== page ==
Erdogan’s Violent Victory – Roger Cohen/The New York Times
ISTANBUL — For President Recep Tayyip Erdogan, violence made all the difference. It turned “stability” into the key word of an election that ushered his Justice and Development Party, or A.K.P., to the decisive victory denied it in the June 7 vote. One-party rule is back in Turkey and one man pulls the strings.
The president has played with fire. His stance toward the terror-wielding jihadis of the Islamic State has married symbolic opposition to benign negligence, enough anyway to produce two terrorist attacks, one near the Syrian border on July 20 and one last month in Ankara, that left about 130 people dead. Most of the victims were Kurds. Goaded and attacked on several fronts in recent months, inside and beyond Turkish borders, the militants of the Kurdistan Workers Party, or P.K.K., returned to violence, killing two Turkish policemen on July 22. The old war stirred. It allowed Erdogan to suggest that only he stood between Turkey and the mayhem in neighboring states.
That, in a nutshell, is what changed between June and now. Erdogan did not respect the will of the people, of which he likes to speak. The June result was not to his liking; he set out, by all means, to overturn it and secure a parliamentary majority. Fragility was his political ally.
The A.K.P., embodying the conservative Sunni nationalism of the Anatolian heartland against the republican secularism of the coast, leapt to 49.3 percent of the vote from 40.9 percent in June. It took 317 seats, enough to govern alone, against 258 five months ago. A far-right party and the Kurdish-dominated People’s Republic Party, or H.D.P., lost votes as extreme nationalists and conservative Kurds opted for Erdogan. The scale of the shift, in short order, was extraordinary.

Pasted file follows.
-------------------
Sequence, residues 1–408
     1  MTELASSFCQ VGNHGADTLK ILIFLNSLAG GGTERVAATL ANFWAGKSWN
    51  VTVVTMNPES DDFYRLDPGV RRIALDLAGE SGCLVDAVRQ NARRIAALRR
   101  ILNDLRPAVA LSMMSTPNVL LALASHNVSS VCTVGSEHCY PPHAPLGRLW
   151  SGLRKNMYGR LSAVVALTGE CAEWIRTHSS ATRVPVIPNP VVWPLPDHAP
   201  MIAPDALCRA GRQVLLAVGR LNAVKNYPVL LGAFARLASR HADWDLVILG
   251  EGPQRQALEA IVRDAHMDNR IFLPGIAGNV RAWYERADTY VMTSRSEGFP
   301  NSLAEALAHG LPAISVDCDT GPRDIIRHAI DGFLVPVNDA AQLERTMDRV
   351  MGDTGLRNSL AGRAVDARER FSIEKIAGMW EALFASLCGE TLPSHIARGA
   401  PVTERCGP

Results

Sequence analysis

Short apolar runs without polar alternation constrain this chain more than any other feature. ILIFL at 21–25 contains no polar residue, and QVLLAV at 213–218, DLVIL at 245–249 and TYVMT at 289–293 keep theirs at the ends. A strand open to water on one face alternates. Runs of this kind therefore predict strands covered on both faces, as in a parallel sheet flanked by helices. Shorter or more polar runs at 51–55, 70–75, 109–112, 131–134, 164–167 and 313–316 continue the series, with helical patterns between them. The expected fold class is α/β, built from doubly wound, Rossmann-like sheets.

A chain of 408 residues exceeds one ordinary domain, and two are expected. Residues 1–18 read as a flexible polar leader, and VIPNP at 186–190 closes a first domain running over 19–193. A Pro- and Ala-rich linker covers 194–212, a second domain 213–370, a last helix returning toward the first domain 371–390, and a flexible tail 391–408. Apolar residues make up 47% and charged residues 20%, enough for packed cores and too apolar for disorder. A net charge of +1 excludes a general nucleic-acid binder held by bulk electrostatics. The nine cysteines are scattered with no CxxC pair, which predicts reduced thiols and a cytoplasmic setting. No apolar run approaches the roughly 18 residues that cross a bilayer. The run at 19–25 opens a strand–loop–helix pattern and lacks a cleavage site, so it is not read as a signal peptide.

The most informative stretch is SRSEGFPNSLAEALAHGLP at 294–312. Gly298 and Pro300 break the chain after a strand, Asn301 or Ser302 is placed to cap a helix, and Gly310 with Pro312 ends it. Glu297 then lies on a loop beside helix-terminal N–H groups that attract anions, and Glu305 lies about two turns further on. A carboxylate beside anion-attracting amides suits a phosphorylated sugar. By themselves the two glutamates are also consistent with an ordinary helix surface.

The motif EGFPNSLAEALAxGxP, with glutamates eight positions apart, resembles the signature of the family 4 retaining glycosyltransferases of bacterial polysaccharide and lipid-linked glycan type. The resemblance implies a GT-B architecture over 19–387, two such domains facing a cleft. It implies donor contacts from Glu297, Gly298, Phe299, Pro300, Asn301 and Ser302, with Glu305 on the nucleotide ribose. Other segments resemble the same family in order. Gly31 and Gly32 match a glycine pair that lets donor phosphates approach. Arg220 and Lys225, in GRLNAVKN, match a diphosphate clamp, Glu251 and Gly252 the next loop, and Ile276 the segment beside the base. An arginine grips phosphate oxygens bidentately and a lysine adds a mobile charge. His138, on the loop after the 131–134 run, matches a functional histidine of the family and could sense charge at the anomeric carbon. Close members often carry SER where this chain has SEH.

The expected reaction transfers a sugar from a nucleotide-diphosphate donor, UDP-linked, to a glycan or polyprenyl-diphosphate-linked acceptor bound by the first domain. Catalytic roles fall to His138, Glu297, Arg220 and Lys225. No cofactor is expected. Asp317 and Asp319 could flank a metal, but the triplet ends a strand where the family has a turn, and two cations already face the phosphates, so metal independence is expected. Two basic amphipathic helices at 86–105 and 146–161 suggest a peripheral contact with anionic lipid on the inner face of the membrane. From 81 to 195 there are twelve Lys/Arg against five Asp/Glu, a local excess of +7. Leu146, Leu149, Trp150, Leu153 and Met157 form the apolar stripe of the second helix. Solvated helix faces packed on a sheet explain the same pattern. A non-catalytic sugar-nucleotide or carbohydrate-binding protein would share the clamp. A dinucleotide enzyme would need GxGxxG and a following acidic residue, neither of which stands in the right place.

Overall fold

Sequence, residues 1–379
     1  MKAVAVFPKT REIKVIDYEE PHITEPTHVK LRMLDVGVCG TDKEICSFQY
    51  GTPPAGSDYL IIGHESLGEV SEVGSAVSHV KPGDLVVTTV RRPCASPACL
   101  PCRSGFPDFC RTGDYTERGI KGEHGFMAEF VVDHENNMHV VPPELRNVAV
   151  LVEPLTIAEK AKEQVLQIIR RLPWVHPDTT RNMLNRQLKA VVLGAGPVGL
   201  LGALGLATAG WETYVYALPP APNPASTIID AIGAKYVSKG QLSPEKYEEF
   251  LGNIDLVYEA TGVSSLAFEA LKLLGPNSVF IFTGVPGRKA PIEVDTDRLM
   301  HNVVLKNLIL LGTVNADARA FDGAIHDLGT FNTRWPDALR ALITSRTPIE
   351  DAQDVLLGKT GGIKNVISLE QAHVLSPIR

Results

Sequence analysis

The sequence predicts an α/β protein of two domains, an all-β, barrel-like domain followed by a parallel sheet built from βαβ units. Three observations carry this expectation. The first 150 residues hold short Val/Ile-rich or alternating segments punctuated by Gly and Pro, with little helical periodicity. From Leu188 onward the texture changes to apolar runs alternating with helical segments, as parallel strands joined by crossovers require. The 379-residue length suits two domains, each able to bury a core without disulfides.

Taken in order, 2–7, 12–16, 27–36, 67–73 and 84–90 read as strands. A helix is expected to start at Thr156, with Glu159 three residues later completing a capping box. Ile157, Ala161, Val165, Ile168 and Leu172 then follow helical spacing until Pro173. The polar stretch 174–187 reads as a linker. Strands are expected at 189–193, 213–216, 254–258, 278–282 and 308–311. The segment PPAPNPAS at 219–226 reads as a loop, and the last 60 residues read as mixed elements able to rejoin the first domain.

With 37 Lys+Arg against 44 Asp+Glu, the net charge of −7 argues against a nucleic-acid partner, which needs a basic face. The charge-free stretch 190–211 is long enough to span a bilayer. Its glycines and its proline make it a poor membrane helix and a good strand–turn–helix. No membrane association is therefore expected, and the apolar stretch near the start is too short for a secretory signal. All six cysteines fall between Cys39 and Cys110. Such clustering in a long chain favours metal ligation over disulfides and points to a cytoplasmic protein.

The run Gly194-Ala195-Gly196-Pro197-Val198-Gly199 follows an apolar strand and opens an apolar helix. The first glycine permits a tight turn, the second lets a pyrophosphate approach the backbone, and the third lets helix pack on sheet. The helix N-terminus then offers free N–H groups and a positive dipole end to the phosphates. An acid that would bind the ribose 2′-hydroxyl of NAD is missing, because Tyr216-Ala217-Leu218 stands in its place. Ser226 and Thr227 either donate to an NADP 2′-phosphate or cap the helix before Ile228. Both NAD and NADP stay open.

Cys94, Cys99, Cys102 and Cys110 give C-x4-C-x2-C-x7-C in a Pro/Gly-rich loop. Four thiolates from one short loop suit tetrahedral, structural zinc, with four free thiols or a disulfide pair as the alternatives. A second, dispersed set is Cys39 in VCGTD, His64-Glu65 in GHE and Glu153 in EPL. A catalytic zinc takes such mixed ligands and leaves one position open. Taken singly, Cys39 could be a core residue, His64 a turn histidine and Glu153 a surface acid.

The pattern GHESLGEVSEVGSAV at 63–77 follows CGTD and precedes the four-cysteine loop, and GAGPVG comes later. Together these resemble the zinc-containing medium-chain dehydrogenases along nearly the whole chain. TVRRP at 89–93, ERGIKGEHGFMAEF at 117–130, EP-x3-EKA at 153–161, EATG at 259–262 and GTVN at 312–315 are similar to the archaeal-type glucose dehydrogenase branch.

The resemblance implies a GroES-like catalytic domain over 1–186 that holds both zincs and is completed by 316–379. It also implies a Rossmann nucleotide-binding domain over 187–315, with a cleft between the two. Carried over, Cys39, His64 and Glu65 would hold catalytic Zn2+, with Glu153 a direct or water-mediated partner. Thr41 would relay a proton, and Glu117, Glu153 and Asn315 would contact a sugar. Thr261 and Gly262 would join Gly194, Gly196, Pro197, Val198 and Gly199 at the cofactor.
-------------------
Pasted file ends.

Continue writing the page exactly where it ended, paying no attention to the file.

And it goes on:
Still, the H.D.P., the new kid on the Turkish political block, managed to pass — just — the 10 percent legal threshold to enter Parliament. That was critical. Without the H.D.P., the A.K.P. dominance would have been so crushing as to enable Erdogan to change the Constitution and create an executive presidency on a whim. He will still push for that, but there will be pushback. Turkey, long the best hope for a Middle Eastern Muslim democracy, has not yet disappeared entirely over the authoritarian brink, but it is close.
Selahattin Demirtas, the charismatic leader of the H.D.P., said, “Maybe we lost one million votes but we are a party that managed to stand up against all massacre policies.” That, he suggested, was a “great victory.” Certainly, it was a significant one.
The H.D.P. is wounded but not moribund, despite widespread arrests of its members. Its future may hinge on how far Demirtas, criticized for not condemning P.K.K. violence with sufficient stringency, is able to chart a new, inclusive and nonviolent Kurdish course. Its appeal to non-Kurdish voters, the surprising development of June, hinges on that.
But Demirtas is vulnerable to Erdogan’s machinations. It is unclear how far the turbulent downward spiral of the past five months can be contained. The president’s genie of violence is out of the bottle. He has attacked a free press, undermined the rule of law, polarized the country and instilled an atmosphere where any opponent is “anti-nation” and treasonous.
“Let’s work together toward a Turkey where conflict, tension and polarization are nonexistent,” Prime Minister Ahmet Davutoglu, declared in victory. That, from Erdogan’s man, sounded like hypocrisy at best.
Turkey for now seems set on the intolerant path of the 21st century authoritarian democracies that owe much to President Vladimir Putin of Russia — societies where dominance of the media, manipulation of conflict, unbound nationalism and the trashing of the rule of law allow the creation of a democratic masquerade. This represents a betrayal of the fuller democracy, freed of the threat of military coups, Erdogan promised Turkey a dozen years ago and seemed for a moment to represent.
It is time to end that betrayal. The alternative is more violence. This was victory in a democracy undermined.
I spoke to Ahmet Hakan, a prominent journalist beaten up during the campaign by unknown assailants. Hakan comes from a background of A.K.P. sympathy but has become critical. “My biggest criticism is that they do not tolerate criticism,” he told me. “I am not categorically against the government but they are so intolerant they cannot tolerate this. I saw the A.K.P. as trying to democratize Turkey, but step by step it became a one-man party.”
I asked who attacked him. Government cronies? He declined to say. “But the political atmosphere under this government makes this possible.”